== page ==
- Zirconia which are digitally constructed either in an office that has the software and hardware to produce them or in a dental lab. They provide better natural color and matches to your existing teeth. They are as strong as metal crown and are a great option for the front teeth to provide a long lasting natural look and smile.
What to expect during the procedure?
- The first step of the dental crown procedure involves using a local anesthetic to numb the tooth and surrounding tissues. If you’ve had a root canal, your dentist may still likely choose to use anesthetic, because the instruments can come very close to the gingival tissue.
- Preparing the tooth for a dental crown involves removing very precise amounts of the tooth and filling material from the tooth that requires the crown.
- Accurate impressions of your prepared tooth is taken to be sent to the lab.
- The dentist will place a temporary crown over the prepared tooth.
- Your dentist will use a shade guide to record the exact color of your tooth with your consent.
- It generally takes the dental laboratory roughly ten to twelve days to make your permanent crown. Your dentist will ensure you have your cementation appointment scheduled before you leave the office after your tooth preparation appointment.
- When you return to the dental office to have your permanent crown cemented, the dentist will remove the temporary crown from the tooth.
- All of the temporary cement is removed from the tooth, and the tooth is completely dried.
- Your dentist will then try the permanent crown on the tooth. Using a piece of dental floss, your dentist will also check the contacts in between the crown and adjacent teeth to ensure there is an ideal contact between the teeth.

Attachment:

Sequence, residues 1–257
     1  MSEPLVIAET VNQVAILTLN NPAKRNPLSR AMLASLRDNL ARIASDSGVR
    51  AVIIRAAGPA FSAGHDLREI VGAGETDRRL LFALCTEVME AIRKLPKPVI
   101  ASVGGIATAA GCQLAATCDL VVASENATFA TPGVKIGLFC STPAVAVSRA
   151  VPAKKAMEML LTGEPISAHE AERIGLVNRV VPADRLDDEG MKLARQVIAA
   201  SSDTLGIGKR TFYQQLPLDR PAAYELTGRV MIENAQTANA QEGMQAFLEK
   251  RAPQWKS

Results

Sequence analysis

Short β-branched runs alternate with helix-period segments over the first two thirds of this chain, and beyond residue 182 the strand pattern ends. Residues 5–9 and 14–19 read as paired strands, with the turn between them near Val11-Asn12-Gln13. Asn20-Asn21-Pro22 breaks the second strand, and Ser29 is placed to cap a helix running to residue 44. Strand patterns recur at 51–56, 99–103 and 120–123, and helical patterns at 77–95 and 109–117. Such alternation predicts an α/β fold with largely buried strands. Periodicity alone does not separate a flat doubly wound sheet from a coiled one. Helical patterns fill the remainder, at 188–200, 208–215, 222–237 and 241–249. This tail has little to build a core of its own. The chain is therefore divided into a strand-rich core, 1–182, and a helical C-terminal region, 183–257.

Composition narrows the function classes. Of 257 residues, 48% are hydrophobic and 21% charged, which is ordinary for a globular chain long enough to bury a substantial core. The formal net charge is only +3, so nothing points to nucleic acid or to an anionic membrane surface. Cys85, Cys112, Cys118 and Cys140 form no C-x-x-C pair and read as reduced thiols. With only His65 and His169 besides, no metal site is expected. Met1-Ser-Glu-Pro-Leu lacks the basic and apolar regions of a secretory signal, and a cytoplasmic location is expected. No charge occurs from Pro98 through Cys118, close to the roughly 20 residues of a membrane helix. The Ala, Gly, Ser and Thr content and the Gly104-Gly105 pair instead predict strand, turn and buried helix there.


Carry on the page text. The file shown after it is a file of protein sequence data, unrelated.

- When your dentist is satisfied with the fit of the crown, the final cementation process begins.
- Even though the dental laboratory made your dental crown to exact specification, set out by your dentist, there will be small adjustments that need to be made to ensure your new crown functions as it should
How to take care of my crown?
- After your permanent crown has been placed, your dentist will provide you with information about caring for your new restoration.
- In general, maintain proper oral hygiene habits by brushing twice daily and flossing with dental floss or interdental cleaners (specially designed brushes and sticks) once a day.
- These practices will help to remove plaque from the area where the crown meets the gum, and help prevent dental decay and gum disease.
- Avoid chewing hard foods, ice or other hard objects, since this could damage your crown.
- It also is important to avoid biting your fingernails and grinding your teeth, which could significantly shorten its life-span.
- If you habitually clench or grind your teeth, your dentist may recommend wearing a night-time mouth guard to offer protection while sleeping.
- It is also important that the tooth be in a healthy state to ensure its longevity.
- In all cases, your dentist will evaluate the gums and supporting bone structure to ensure these supporting tissues are healthy. This protects the tooth and minimizes the potential for eventual gum recession that exposes the crown margin.